Not all vulval ulcers are herpes: stress (aphthous) ulcers
Aphthous ulceration (also known as stress ulcers) in the mouth are very common and most people get them at some stage. However it is not so well understood that aphthous ulcers may involve the vulva where they may become a significant problem, not only because they can be very painful but because they are often mistaken for herpes simplex (genital herpes) and if you don't actually have genital herpes this can be a pretty devastating mistake.
Aphthous ulcers are classified as minor or major. Minor aphthous ulcers are small (2-4mm), superficial and heal quickly, within 7-10 days. Major lesions are large, often as big as 10mm, deep, severely painful and sometimes very slow to heal, occasionally taking many months.
Aphthous ulceration is a harmless condition. A tendency to aphthae runs in families. The cause is still unknown.
What are the features of aphthous ulcers
Aphthae are found in all age groups and although less common in children than adults, do occur before puberty.
The typical aphthous ulcer is round to oval with a yellow, base and a red rim. The onset of the lesion is sudden and associated with significant pain and tenderness.In some cases pain is so severe that you can’t to walk or urinate.
Aphthous ulcers may be located on any part of the opening of the vagina and may be single or multiple. Even when large, they usually heal without scarring.
Attacks of aphthous ulcers are often recurrent ranging from infrequent to very frequent, to the point where they are almost constant.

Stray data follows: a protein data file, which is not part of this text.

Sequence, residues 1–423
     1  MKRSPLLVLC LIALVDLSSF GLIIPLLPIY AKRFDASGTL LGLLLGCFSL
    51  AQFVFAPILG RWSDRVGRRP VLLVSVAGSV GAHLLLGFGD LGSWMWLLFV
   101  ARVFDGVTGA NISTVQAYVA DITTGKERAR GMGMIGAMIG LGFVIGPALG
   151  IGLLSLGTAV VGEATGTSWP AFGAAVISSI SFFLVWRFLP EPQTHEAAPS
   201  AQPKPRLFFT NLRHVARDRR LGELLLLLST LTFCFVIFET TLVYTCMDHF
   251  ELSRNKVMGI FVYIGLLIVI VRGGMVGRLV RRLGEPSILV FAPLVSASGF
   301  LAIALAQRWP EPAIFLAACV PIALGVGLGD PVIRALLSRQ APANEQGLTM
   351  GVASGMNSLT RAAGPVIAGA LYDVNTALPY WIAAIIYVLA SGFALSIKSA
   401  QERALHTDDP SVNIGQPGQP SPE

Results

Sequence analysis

Patients with genital aphthous ulcers frequently have a history of oral ulcers.
A subtype of major aphthosis, which has been also called Sutton’s ulcer, is of particular importance. It is most often seen in pre-adolescent or adolescent girls and if often preceded by fever. Patients experience a sudden onset of very painful, dramatic, vulval ulceration which is frightening.
How are aphthous ulcers treated?
The most important part of management is initial, accurate diagnosis. Herpes simplex should always be ruled out with a swab test because the treatment of herpes and aphthous ulcers is completely different.
Pain relievers are very important. If you are having trouble urinating, running a warm bath and urinating in the bath can help, but if you just can’t go to the toilet, you need to go to a hospital emergency department.
Cortisone is the best treatment for acute ulcers. If they are severe this is given by mouth. If they are minor it can be applied as an ointment.
If you are getting frequent ulcers, preventative treatment is available. The safest is the antibiotic doxycycline. This is not used because aphthous ulcers are an infection and in fact we are not sure how it works. Doxycycline has to be prescribed by a doctor.
If you think you might be getting aphthous ulcers see your doctor. Although oral aphthous ulcers are very common and every general practitioner knows what they are, the genital ones are not nearly so common. If your GP isn't sure, direct them to this website!